5. Place jar in an area where it will not be disturbed. Warmer areas of your home will make your kombucha brew faster than cooler areas, so when seasons change you might want to move your kombucha to a different location.
  6. Taste your brew after 5 days or so (I like to wait until I can see a new SCOBY forming on the top), you can drink it any time!
  7. Ladle out some of the brew (don’t forget to reserve some starter for your next brew), store in an airtight glass container (jars or flip-top bottles work great) and place in refrigerator. Brew will not ferment any more once refrigerated and can be stored for week or months. Never refrigerate your SCOBY.ratios
  8. Let your reserved brew and SCOBY(s) rest in the jar before starting your next batch. You will have better results with a really strong starter. When ready, add sweetened tea to your jar with SCOBY(s) and reserved starter brew and repeat the process (you do not need to clean out your jar/vessel before each batch). You can change the quantity of sweet tea as long as you keep the recommended ratios as per the chart. This ensures that your SCOBY stays healthy and your brew is optimal and free of mold. If you don’t want to start your next batch yet you can leave it to sit for several weeks or months as long as there is enough liquid to cover the SCOBY.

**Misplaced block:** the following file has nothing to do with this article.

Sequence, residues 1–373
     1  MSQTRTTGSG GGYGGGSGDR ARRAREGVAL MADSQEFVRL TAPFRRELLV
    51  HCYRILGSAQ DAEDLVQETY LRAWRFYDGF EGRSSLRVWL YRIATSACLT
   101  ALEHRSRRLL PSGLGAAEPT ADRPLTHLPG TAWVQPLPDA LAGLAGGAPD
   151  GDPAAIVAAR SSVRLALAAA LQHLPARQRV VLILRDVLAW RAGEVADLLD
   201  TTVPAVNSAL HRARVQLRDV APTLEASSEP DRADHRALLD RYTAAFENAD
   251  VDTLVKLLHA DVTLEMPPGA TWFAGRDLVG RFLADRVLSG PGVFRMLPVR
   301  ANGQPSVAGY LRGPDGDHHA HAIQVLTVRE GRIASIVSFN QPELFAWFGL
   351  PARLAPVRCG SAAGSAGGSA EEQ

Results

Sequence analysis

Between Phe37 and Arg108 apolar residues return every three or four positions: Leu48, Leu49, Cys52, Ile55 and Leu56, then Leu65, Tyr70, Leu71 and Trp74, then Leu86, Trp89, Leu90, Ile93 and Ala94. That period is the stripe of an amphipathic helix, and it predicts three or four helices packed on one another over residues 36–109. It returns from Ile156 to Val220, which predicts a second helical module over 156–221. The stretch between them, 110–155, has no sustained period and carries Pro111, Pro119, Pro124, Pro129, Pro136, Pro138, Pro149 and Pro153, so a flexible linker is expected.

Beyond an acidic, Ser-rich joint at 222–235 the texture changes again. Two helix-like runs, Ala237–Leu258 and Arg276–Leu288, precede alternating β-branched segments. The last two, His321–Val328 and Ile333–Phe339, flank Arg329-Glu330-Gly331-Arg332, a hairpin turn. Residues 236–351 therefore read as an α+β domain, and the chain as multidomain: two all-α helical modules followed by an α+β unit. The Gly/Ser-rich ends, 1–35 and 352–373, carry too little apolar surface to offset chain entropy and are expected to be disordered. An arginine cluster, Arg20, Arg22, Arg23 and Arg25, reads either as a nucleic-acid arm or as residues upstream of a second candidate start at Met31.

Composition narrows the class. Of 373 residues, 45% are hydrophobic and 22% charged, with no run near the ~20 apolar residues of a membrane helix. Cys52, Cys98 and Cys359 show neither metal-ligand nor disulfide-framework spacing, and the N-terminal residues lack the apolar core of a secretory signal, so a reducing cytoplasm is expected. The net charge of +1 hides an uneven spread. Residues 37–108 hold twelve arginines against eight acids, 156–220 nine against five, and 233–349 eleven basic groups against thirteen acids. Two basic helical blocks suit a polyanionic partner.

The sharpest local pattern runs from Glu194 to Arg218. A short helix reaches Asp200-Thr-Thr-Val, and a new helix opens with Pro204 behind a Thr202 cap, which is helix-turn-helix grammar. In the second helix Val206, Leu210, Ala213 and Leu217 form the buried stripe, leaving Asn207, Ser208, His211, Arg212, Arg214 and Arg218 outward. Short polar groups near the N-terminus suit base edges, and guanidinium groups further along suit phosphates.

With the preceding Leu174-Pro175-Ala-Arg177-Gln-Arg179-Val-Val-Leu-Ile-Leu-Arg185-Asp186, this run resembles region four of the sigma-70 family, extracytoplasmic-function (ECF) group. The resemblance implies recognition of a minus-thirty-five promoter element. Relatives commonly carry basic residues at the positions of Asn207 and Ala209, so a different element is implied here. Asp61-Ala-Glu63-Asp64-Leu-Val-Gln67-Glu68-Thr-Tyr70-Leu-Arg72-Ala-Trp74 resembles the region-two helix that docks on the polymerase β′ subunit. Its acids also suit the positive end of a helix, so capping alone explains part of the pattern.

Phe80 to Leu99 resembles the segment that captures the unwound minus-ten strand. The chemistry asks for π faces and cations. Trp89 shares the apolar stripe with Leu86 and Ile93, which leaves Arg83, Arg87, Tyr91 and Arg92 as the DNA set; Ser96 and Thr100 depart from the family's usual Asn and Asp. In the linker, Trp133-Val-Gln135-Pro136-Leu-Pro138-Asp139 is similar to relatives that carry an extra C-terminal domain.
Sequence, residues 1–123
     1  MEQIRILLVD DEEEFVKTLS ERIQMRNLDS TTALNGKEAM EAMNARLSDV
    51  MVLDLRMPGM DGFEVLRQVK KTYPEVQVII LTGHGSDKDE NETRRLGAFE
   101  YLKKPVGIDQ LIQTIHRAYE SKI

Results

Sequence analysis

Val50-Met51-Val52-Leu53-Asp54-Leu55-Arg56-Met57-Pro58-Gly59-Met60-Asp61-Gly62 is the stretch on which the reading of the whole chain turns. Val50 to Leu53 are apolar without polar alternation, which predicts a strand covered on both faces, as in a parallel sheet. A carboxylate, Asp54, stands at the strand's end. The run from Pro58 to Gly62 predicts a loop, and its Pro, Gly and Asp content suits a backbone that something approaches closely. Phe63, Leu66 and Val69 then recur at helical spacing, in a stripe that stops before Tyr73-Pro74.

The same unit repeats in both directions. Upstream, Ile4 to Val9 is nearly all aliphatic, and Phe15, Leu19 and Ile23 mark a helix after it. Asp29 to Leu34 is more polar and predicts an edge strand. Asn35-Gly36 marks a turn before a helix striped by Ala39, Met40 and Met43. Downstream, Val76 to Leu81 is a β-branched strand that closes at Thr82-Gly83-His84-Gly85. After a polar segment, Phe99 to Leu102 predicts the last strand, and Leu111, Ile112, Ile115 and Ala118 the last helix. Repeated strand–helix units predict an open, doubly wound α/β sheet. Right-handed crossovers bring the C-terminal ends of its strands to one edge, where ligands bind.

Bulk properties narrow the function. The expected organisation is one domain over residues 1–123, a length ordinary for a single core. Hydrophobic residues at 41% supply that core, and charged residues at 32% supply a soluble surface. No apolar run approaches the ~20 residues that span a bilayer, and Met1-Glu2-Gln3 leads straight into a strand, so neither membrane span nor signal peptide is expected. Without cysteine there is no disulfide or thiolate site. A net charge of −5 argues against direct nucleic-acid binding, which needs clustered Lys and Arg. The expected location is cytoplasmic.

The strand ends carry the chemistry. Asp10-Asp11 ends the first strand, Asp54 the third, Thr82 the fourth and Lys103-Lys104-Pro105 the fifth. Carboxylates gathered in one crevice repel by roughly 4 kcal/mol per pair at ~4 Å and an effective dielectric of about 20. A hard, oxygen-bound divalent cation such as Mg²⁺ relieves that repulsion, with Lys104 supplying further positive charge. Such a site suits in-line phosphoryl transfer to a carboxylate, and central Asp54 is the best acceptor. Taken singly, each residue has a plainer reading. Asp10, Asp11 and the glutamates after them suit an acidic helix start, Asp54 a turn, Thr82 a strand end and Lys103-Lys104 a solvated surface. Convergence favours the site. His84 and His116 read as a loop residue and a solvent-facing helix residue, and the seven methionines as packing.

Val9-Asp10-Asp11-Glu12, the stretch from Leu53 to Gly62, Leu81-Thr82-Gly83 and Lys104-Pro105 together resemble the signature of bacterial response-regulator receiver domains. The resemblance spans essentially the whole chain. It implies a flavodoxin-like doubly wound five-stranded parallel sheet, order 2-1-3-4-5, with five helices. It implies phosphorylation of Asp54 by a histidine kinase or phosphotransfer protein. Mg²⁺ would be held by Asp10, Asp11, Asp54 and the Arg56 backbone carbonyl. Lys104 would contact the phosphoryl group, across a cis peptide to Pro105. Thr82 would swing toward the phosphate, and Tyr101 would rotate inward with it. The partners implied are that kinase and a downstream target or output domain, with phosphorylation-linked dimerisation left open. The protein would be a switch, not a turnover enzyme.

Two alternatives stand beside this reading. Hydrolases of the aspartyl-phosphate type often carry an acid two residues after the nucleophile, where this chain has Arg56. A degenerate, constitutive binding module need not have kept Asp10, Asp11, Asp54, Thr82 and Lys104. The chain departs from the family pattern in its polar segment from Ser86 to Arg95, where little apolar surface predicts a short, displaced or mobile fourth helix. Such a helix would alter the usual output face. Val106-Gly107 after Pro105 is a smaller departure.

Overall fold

Within a few days of starting your brew (or a few hours if it’s really warm in your house) you may notice it looks a little cloudy near the top of the liquid. There may also be translucent white patches or it may appear to have a “film” on the top. This is your new SCOBY forming and it will get thicker as your kombucha sits. Your new SCOBY will cover the top of the liquid completely and your old SCOBY(s) may float, sink, fold in half, float diagonally, or stick to its mother culture (old SCOBY) – it’s all normal. Older SCOBY’s will be different shades of beige (older ones will be darker) and probably have brown strings hanging off of the SCOBY, this is yeast and it totally normal. If you have fuzzy or dusty black/orange/green/ patches it is probably mold and the entire SCOBY and brew should be discarded.